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April 23, 2021

Lock the Tweed joins super fund call

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Anti-CSG group Lock the Tweed is the latest organisation to support the call for the big four banks and superannuation funds to divest themselves of investment in fossil fuel production and infrastructure.

Research conducted earlier this year by Market Forces and the Australia Institute showed that almost 25 per cent of people with money invested in superannuation would be prepared to switch super funds if their fund continued to invest in coal and coal seam gas (CSG).

The research paper, titled Time to get engaged with super?, found that Australian households hold nearly $1 trillion in institutional superannuation funds but few, if any, pay close attention to how the companies they own are behaving or how their super fund is voting at shareholder meetings on their behalf.

The researchers found that 40 per cent of all people surveyed wanted their investments to go to companies that behaved ethically as well as providing a financial return. This compared to 36 per cent who were only interested in the financial return and 23 per cent who were unsure.

Women were more likely than men to have ethical concerns (43 per cent to 38 per cent).

Across the age groups, those over 65 were the most concerned about ethical investing (46 per cent) and 25–34 year-olds were the least (34 per cent.)

Lock the Tweed spokesperson Michael McNamara told Echonetdaily, ‘investors believe that ethical concerns, not just monetary gain, should be taken into account when investing their hard earned super funds.’

‘In dollar terms this means that there are hundreds of billions of dollars looking for an ethical investment home.

‘This reflects the strong community concerns about the long-term impacts of these industries on the environment, existing industries, our health and our water.’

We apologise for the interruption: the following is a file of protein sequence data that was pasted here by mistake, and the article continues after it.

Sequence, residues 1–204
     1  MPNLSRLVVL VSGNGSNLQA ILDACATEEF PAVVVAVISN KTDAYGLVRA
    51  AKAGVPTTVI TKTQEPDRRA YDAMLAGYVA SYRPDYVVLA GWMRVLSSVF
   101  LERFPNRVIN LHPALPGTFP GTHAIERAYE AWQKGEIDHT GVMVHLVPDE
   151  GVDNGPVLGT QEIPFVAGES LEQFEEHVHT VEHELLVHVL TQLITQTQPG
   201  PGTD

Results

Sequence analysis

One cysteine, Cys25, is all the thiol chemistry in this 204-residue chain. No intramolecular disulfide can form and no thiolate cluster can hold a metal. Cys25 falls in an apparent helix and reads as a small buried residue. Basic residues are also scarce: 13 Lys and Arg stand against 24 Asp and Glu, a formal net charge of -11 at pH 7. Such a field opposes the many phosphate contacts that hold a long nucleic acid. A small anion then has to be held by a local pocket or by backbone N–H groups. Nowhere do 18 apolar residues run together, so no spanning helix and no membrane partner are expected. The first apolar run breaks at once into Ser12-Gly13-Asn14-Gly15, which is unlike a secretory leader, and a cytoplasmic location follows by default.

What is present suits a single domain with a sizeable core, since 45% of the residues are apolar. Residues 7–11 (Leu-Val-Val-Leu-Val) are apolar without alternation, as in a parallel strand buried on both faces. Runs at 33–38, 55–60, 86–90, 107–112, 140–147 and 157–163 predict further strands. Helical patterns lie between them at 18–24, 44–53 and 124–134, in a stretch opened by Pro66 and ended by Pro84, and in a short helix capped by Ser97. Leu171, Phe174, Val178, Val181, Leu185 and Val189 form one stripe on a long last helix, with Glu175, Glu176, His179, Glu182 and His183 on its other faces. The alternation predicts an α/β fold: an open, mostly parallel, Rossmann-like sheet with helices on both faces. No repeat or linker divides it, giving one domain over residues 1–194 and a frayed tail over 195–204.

Role of banks

Mr McNamara pointed out that a number of local councils are instructing their staff to move their investment portfolios away from unsustainable industries.

‘For a local council to go down this road sends a strong message to the banks and other investment bodies that the issue is a serious one,’ he said.

But he added that ‘billions of dollars have been lent by Westpac, ANZ, NAB and the Commonwealth banks to companies behind coal and coal seam gas developments’.

‘This includes $6.5 billion since 2008 for coal and gas ports along the Queensland coast that will impact on the Great Barrier Reef.

‘This increasing development of coal and CSG facilities along the Queensland coast has put the Great Barrier Reef’s World Heritage listing at risk.’

Market Forces has now launched an open letter targeting the big four banks and asking them to place an immediate prohibition on loans to new fossil fuel extraction projects and the infrastructure required to enable them: and sell down all stakes held either directly or through third parties in companies engaged in fossil-fuel extraction.

The letter has been signed by famous Australians including: authors Bill McKibben, Peter Carey and Kate Grenville; former politicians Carmen Lawrence, Bob Brown and Cheryl Kernot; musicians Clare Bowditch, Paul Dempsey (Something for Kate) and Mark Seymour; and academics Peter Singer, Gary Egger (Southern Cross University) and Peter Christoff. More than 2,000 members of the general public and it is still open for people to sign.

The letter reads, ‘Australia stands on the verge of a fossil-fuel expansion that would jeopardise the possibility of containing global warming to below 2?C above pre-industrial levels – a key marker for the prospects of a safe climate for future generations to enjoy’.

‘As Australia’s four largest banks and heaviest lenders to coal and gas projects, you have a vital role in determining the fate of proposed new fossil fuel projects. You will be met with requests to provide finance and other forms of investment for these projects. For the sake of a safe climate, these requests must be denied.’

Mr McNamara urged people to take the matter up with their banks and insurance companies and consider moving their funds to an institution that invests ethically.

 

Ethical principles

One, but by no means the only, super fund targeting ethical investments is Australian Ethical.

The company says on its website that it includes both positive and negative screens when selecting the companies it invests in.

The negative screen ensures its funds don’t hold shares in tobacco, uranium or coal mining, exploitation of people or old-growth forest logging.

The positive screen uses funds’ money to ‘help build a new low-carbon economy, fund medical breakthroughs, technology breakthroughs, efficient transport and more’.

The company says it uses its influence ‘to engage with the management of companies over ethical issues, with the goal of improving their ethical behaviour’.


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